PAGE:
the entire ventral half of A-2. M. sternotrachealis inserts on A-ll through A-13.
M. obliquus ventralis originates on a raphe attached midventrally to A-3 through A-5.
It extends superficial to M. tracheolateralis to insert directly on B-l, near the
dorsal end.
In Tyranniscus chrysops the Mm. tracheolaterales converge at A-33 and diverge
again at the level of A-6. Each inserts directly in the center of the respective A-l/B-1
membrane. M. sternotrachealis inserts directly on the lateral surfaces of A-13 through
A-18. There are no intrinsic muscles.
Leptopogon is unlike all of the above. The Mm. tracheolaterales converge ventrally,
becoming narrower and thicker as one muscle and terminating in a blunt point at A-4.
They insert by a pair of narrow tendons passing the raphe of the Mm. obliqui ventrales and attaching to the ventral ends of A-l and B-l. At the level of A-2 the pair
of tendons are connected by a short vinculum. The Mm. sternotracheales are variable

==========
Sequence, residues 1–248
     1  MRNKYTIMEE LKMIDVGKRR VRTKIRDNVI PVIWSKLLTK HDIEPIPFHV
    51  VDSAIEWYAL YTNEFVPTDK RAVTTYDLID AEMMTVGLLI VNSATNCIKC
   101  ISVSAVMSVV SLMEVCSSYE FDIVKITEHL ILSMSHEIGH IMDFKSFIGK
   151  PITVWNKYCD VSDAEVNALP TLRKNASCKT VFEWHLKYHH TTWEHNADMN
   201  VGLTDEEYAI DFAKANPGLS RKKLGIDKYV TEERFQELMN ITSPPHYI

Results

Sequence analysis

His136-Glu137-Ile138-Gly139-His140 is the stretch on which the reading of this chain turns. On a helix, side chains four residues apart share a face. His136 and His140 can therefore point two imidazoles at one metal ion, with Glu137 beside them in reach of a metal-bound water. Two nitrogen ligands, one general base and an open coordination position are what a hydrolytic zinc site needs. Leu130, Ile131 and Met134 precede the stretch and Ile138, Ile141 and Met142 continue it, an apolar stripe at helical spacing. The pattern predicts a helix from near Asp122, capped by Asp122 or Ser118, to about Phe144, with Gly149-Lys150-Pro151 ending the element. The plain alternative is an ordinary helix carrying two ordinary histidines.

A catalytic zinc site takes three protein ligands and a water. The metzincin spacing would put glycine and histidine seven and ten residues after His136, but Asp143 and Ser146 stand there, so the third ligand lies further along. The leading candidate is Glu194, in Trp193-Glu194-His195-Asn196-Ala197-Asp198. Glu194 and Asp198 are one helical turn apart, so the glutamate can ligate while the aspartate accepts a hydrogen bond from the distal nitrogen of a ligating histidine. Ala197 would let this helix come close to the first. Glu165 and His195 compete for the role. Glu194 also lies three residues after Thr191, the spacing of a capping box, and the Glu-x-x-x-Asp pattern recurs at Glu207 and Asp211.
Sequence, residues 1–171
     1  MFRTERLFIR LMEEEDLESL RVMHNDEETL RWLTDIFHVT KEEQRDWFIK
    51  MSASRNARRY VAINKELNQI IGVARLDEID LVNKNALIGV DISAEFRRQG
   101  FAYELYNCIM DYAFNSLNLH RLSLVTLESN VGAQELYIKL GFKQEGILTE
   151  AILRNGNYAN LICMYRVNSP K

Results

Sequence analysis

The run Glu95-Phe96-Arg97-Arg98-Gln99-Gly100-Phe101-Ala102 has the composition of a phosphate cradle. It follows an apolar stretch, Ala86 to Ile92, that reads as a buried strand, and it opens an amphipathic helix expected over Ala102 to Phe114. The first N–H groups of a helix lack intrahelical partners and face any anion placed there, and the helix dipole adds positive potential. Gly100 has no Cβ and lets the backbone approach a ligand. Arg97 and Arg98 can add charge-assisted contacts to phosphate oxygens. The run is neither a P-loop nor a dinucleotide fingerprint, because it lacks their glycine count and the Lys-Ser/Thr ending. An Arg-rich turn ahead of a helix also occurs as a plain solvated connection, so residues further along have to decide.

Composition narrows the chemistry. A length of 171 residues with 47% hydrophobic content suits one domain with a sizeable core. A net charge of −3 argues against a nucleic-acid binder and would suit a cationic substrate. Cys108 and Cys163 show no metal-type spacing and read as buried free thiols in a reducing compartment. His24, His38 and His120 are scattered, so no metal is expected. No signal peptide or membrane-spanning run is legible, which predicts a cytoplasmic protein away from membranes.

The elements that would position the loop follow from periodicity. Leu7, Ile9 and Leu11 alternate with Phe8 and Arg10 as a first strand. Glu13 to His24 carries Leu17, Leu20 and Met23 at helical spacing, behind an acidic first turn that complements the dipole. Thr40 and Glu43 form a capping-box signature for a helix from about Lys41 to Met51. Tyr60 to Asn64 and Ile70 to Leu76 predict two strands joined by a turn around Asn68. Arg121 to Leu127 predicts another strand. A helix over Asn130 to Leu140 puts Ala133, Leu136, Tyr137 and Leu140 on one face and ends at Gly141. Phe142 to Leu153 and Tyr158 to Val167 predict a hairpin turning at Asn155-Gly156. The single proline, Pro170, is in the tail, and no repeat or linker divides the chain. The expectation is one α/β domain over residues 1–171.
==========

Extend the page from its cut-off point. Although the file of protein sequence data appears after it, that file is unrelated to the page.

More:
among the three specimens. In AMNH 819 they insert directly on the lateral surfaces
of A-5 through A-7; in AMNH 821 the ventral half of each muscle is continuous with
M. tracheolateralis; in AMNH 820 the right M. sternotrachealis is wholly continuous
with M. tracheolateralis, while the left inserts directly. M. obliquus ventralis originates
on a raphe attached to the ventral midline of A-2 and A-3 and inserts near the dorsal
end of B-l.
Phyllomyias is unlike all of the above. The Mm. tracheolaterales converge ventrally at the level of A-2 7. At A-4 each muscle divides into two fasciculi, a large
ventral one inserting on A-3 and a small lateral one inserting on A-2. M. sternotrachealis also divides into two fasciculi. The dorsal branch inserts directly on the
lateral surfaces of A-10 through A-16 and the ventral one on the membranous sheath
surrounding M. tracheolateralis. M. obliquus ventralis originates on A-2 and A-3
near the ventral midline and extends laterad to insert near the center of the A-l/B-1
membrane.
Sublegatus is like Phyllomyias, but from the damaged specimen on hand one can